Slate is getting into the audiobooks business. The online magazine and podcast subscription seller is launching its own audiobook store today in partnership with multiple publishing companies. The store will list and sell popular titles but with the added benefit of making the audio accessible through listeners’ preferred podcast app instead of a separate audiobook-only platform. This is likely its biggest sell for listeners, although Slate will compete on price, too. Listeners also will buy these books a la carte, meaning they don’t have to subscribe to an ongoing membership as they may through Audible, the biggest name in audiobooks.
The store and its functionality are powered through Slate’s Supporting Cast, its technology that powers recurring revenue audio services, like subscription podcasts. This means that on the back end, Slate is hosting publishers’ audiobooks on its servers and creating private RSS feeds for them, which can then be inserted into any podcasting app that supports them, like Apple Podcasts, Pocket Casts, and Overcast. The process basically looks like this: Listeners navigate to Slate’s store, buy a book, and can then either listen online or they can tap on the app of their choice to have the feed automatically inputted. They can also manually copy and paste the feed.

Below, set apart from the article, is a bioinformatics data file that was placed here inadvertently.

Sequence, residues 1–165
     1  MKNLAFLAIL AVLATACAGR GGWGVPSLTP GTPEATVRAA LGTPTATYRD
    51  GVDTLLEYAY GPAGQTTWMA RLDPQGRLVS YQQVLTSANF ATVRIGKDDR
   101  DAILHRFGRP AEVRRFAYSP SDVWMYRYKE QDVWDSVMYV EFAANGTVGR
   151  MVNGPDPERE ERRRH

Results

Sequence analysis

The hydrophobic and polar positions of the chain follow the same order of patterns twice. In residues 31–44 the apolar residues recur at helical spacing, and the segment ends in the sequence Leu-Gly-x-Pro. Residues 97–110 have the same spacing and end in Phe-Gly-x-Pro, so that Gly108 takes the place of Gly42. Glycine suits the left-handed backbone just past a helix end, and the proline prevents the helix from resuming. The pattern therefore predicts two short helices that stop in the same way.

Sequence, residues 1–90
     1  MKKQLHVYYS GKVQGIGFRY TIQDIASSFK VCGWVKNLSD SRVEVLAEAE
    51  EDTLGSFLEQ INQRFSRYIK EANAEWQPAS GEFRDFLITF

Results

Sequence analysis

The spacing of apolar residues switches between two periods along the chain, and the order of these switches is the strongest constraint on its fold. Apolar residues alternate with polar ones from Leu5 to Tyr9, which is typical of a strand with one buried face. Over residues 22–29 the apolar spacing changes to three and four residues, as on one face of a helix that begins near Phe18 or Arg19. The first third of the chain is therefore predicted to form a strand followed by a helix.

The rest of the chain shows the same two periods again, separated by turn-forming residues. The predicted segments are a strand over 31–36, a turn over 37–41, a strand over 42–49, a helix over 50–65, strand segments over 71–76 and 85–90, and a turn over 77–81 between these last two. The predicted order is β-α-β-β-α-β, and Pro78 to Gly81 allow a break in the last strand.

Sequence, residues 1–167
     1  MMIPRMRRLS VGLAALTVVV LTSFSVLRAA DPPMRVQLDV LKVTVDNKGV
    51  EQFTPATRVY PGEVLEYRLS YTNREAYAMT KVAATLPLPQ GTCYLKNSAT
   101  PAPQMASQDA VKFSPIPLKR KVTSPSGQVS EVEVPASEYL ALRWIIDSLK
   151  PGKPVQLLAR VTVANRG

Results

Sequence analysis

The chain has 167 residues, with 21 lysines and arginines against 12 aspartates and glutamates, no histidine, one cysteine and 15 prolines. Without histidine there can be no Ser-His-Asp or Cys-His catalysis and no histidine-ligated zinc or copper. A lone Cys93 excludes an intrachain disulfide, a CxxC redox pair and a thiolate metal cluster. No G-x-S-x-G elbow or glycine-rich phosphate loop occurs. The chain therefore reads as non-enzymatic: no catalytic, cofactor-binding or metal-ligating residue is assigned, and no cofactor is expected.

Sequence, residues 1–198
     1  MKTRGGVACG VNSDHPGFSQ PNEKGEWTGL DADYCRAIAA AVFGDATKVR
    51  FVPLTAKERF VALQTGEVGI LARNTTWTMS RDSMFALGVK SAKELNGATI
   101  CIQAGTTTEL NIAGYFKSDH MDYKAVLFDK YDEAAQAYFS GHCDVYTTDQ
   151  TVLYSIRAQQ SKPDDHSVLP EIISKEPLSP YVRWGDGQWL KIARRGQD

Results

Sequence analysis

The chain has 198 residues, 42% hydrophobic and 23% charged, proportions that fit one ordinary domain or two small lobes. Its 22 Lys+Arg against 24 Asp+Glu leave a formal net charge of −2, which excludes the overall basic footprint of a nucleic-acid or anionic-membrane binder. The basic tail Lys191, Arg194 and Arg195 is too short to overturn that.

David Stern, vice president of product and business development, tells The Verge that its software automatically looks for suspicious activity and will revoke access if it suspects someone is sharing their private RSS link outside of a “very small flexible range.”
Initial partners include Penguin-Random House, Simon & Schuster, HarperCollins, and Hachette. Slate wouldn’t disclose its royalty agreements with these companies. The initial catalog is small, especially compared to Audible’s thousands of titles, but Slate seems to be interested in books that its team has reviewed for the website. As evidence for why Slate thought it should pursue an audiobook business, the company says it’s generated more than $1 million through its book affiliate business, and that it tested selling Danny Lavery’s Something That May Shock and Discredit You audiobook and sold 500 copies.
Slate’s move into audiobooks continues the trend of podcast-oriented companies looking to audiobooks and audiobook companies looking to podcasts. Spotify launched audiobooks in its app, hosted by celebrity talent, earlier this year and has reportedly put the founder of Parcast in charge of its audiobook efforts, per a Bloomberg report. Audible also brought podcasts to its app for the first time last year. (Apple, for its part, sells audiobooks through its Books app, not Podcasts app.) The broader bet seems to be that people who enjoy listening to things will want to do so from one app.
“It’s sort of a no-brainer,” Stern says.
Slate is positioning itself to let people choose what app they want to listen within, although neither Spotify nor Audible support private RSS feeds.